Farming transformed by self-watering soil

self-watering soil

A new type of self-watering soil made by engineers at The University of Texas in Austin can pull water out of the atmosphere and disperse it to plants, potentially expanding the map of farmable land round the world to formerly inhospitable places and reducing water use in agriculture at a time of developing droughts.

Water irrigation system employs super-moisture-absorbent gels to capture water from the air. When the self-watering soil is heated to a particular temperature, the gels discharge the water, making it available to crops. After the soil distributes water, some of it goes back to the air, increasing humidity and making it much easier to continue the harvesting cycle.

“Enabling free-standing agriculture in areas where it’s hard to build up irrigation and power systems is crucial to liberating crop farming from the complex water supply chain as resources become increasingly scarce,” said Guihua Yu, associate professor of materials science in the Walker Department of Mechanical Engineering.

Each gram of self-watering soil can extract roughly 3-4 g of water. Depending on the crops, approximately 0.1 to 1 kilogram of that soil can provide enough water to irrigate about a square meter of farmland.

The gels from the self-watering soil pull water from the atmosphere during cooler, longer humid periods at night. Solar heat during the day activates the water-containing gels to release their contents into dirt.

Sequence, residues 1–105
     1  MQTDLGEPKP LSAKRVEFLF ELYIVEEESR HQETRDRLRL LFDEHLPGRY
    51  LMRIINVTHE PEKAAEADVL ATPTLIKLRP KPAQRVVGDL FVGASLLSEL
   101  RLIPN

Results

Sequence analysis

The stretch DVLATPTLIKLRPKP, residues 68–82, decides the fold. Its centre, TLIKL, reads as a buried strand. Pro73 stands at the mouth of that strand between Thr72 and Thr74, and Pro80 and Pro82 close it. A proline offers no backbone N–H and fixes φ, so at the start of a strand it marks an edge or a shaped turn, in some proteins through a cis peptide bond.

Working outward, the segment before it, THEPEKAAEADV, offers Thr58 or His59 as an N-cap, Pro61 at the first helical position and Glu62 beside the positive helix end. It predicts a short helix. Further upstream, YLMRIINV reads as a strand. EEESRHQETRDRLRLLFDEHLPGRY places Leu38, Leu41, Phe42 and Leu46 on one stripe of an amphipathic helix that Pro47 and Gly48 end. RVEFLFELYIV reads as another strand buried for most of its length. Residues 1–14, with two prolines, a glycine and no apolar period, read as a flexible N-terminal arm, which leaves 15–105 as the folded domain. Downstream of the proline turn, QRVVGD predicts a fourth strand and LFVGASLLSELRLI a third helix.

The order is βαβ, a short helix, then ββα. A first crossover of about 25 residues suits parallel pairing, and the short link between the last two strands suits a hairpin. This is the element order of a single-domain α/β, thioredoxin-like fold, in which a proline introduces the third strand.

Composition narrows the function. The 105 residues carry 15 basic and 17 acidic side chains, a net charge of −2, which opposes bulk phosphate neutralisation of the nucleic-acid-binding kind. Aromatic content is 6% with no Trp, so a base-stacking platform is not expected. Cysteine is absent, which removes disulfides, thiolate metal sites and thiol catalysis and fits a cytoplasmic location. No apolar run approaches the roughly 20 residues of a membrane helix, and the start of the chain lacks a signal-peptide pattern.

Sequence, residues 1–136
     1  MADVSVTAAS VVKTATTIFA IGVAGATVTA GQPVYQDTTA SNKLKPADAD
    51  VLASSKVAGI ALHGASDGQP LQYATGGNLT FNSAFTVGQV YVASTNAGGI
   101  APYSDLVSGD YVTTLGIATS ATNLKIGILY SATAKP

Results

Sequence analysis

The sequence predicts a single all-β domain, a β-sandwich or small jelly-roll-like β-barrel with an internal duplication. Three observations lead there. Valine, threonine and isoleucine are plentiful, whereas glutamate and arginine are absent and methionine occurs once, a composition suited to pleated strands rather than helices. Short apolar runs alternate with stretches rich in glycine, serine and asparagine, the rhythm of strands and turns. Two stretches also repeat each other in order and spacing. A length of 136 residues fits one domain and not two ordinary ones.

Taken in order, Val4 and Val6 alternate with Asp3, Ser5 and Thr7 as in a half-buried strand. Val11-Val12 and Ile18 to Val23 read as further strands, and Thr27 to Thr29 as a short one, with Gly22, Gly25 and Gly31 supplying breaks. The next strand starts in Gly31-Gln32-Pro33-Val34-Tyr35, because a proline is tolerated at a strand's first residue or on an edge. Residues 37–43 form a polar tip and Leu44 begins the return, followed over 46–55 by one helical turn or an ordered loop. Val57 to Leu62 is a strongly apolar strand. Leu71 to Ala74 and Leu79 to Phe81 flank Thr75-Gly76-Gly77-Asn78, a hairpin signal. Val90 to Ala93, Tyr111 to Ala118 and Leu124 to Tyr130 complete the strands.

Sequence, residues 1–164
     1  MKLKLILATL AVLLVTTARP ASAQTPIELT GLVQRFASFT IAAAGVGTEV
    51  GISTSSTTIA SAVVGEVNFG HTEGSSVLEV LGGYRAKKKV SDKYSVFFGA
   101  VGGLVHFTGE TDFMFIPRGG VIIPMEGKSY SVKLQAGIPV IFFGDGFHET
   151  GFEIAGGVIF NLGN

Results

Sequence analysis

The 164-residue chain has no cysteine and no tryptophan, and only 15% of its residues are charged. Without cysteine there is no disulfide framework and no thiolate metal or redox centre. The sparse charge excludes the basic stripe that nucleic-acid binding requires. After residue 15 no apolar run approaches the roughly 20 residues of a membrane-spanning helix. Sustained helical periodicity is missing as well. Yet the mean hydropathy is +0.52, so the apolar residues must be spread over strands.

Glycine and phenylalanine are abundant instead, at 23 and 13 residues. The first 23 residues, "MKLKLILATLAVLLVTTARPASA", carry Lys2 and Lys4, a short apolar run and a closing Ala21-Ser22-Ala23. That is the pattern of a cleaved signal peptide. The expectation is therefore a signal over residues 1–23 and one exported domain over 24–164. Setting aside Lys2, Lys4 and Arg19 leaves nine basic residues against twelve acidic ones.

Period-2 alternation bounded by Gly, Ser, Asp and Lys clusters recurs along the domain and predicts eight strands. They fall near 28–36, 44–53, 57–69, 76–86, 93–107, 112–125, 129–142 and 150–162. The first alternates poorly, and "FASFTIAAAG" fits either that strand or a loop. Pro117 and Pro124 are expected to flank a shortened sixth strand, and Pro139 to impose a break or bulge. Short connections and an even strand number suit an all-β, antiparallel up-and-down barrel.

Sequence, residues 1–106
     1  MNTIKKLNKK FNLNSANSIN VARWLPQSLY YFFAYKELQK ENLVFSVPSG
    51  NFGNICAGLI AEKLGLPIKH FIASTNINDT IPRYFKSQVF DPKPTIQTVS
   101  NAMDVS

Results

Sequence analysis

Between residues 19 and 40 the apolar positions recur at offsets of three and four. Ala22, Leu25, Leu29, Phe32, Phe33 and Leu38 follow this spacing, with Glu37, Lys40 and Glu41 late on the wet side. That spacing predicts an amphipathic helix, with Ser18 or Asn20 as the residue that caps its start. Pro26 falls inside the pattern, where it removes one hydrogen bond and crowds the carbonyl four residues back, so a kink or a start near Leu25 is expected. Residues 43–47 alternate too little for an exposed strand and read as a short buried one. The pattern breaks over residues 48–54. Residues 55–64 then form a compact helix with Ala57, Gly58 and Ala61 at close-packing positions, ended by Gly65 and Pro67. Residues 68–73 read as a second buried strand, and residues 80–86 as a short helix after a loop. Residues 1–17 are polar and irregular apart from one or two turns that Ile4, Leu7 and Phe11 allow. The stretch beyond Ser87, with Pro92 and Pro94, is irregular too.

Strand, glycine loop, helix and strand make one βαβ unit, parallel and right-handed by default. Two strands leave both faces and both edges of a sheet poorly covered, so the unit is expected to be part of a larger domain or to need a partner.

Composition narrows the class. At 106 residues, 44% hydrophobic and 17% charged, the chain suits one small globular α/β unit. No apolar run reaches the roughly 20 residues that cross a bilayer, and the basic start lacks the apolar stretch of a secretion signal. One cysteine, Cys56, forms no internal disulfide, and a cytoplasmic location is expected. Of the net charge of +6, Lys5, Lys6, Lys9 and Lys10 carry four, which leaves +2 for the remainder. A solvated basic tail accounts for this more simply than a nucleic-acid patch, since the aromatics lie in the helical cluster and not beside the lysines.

The team conducted experiments on the roof of the Cockrell School’s Engineering Teaching Center building at UT Austin to test the soil. They revealed that the hydrogel soil was able to keep water better than sandy soils found in arid places, and it needed far less water to grow crops.

During a four-week experiment, the group found that its self-watering soil retained approximately 40% of the water quantity it began with. In contrast, the sandy soil had only 20% of its own water left after just 1 week.

In another experiment, the group planted radishes in both types of soil. The radishes in the self-watering soil all endured a 14-day period without any irrigation beyond an initial round to guarantee that the plants took hold. Radishes in the sandy soil were irrigated a few times during the first four days of this experiment. Not one of the radishes from the sandy soil survived more than two days following the initial irrigation period.

“Most soil is good enough to support the growth of plants,” said Fei Zhao, a postdoctoral researcher in Yu’s research group who led the study with Xingyi Zhou and Panpan Zhang. “It’s the water that is the main limitation, so that is why we wanted to develop a soil that can harvest water from the ambient air.”

The water-harvesting soil is your first major application of technologies that Yu’s group was working on for more than a couple of years. This past year, the group developed the capability to use gel-polymer hybrid substances that work like “super sponges,” extracting large quantities of water in the ambient atmosphere, cleaning it and quickly releasing it with solar power.

The researchers envision several other programs of this self-watering soil technology. It could possibly be used for cooling solar panels and data centers. It could expand accessibility to drinking water, possibly through individual systems for families or bigger systems for large groups such as workers or soldiers.

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Categories: Life